Oliver Jeffers is a brand unto himself these days. If you’re a fan I presume you’ll read this book, review or no review. From kid favourite The Day The Crayons Quit to How To Catch A Star Jeffers is known for vibrant colour and strong characterisation. In recent years, his work for young readers has pivoted a little from the light and heart-warming, to the determinedly political, and this new release falls into the latter category.
There’s a microcosm of the cosmic adventure on the cover – a parent takes two squabbling siblings on a road trip through space. The sub-sub-title reads: A cosmic view on conflict with Oliver Jeffers. Dad views this particular conflict in the rear-view mirror, setting up the reader’s journey along with the metaphor that sustains the narrative. As the family travels in light years, the reader is jumped backwards to the parallel period of Earth history. It would take 78 years, for example, to drive to Venus. Back on Earth, 78 years ago, the whole planet was fighting World War Two.
The narrative moves through empire building, wall building, and important discoveries like metal (which conveniently made fighting even more effective), following a history of invasion and war. For shared or classroom reading, this book could be extended with a deep dive into the battle tales and/or the space journey, which is also mapped and measured.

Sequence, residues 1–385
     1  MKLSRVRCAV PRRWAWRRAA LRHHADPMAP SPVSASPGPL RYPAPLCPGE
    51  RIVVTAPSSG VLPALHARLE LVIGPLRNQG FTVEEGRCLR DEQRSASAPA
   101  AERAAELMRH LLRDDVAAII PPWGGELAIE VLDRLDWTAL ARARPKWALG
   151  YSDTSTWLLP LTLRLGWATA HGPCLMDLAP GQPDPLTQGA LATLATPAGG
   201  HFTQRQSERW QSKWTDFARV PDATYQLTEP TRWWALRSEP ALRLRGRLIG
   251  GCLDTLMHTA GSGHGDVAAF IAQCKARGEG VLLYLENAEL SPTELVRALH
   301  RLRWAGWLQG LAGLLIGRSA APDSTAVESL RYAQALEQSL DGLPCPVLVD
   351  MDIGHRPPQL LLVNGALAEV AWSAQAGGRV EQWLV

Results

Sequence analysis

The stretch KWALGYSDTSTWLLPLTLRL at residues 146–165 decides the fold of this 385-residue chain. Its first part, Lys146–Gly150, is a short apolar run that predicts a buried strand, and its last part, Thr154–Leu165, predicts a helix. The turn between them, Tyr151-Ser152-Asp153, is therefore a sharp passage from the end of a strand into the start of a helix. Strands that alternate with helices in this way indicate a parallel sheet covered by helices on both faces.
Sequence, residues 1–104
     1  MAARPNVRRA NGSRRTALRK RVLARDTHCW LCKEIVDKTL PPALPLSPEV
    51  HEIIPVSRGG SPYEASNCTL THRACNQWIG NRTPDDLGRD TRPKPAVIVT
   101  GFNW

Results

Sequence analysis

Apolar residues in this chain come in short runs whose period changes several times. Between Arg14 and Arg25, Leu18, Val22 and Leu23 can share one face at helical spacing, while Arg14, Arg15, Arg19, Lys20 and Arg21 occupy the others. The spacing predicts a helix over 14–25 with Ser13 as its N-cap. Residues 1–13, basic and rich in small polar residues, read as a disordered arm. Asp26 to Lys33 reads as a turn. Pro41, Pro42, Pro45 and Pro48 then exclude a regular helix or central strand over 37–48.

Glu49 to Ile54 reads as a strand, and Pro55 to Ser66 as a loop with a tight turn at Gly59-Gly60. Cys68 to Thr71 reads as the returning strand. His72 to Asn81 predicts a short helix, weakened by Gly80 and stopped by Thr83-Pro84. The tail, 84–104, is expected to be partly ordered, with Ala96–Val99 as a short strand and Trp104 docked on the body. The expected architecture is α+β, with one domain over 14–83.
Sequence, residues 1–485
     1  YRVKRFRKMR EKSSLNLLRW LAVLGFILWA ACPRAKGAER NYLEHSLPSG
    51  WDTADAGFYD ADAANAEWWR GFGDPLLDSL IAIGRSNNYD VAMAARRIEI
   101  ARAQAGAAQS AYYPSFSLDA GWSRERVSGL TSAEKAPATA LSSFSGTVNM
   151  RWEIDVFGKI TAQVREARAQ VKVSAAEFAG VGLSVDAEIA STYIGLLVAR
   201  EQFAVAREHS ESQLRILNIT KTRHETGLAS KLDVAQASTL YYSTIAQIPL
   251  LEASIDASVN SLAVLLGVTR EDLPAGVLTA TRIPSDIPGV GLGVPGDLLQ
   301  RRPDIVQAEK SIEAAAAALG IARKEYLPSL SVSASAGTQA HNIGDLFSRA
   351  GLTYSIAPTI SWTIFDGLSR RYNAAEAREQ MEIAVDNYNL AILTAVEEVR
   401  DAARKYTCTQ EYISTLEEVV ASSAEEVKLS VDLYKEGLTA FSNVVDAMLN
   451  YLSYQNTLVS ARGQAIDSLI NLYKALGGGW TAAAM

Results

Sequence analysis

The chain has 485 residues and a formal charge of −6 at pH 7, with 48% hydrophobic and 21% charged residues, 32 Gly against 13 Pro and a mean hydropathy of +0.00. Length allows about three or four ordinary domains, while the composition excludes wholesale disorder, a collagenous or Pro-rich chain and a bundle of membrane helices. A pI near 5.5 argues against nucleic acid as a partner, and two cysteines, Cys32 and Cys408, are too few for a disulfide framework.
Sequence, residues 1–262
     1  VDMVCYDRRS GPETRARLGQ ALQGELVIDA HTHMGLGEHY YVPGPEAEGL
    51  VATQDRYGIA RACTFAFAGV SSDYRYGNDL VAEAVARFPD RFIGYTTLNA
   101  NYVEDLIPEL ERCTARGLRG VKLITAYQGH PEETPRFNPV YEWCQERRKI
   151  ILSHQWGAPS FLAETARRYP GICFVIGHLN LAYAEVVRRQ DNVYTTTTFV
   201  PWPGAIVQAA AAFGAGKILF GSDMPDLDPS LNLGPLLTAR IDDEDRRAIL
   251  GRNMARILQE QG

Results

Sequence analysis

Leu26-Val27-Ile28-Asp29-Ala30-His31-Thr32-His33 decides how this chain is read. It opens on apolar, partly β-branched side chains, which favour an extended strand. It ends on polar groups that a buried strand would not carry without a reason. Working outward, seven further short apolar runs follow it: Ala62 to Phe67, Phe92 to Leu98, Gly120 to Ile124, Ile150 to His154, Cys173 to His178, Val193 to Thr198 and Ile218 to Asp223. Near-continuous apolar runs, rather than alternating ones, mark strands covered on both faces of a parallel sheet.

While the use of the family road trip is fun and relatable, the message is not particularly hopeful, since it clearly shows that humans in every era have been determined to fight over territory. From kids claiming the best seat in the car, to invaders claiming the best spot on the beach, we’re alarmingly precious about owning a piece of a planet that can never actually belong to anyone.
The book also suggests we look at our egos, given the overall insignificance of Earth in a vast universe. The story ends with Dad asking the kids ‘Do you want to keep going? Or, do you want to go home?’ The question is, in fact, for all of us: do we want to keep doing things this way? Or is there a better way forward for us as humans and planet custodians?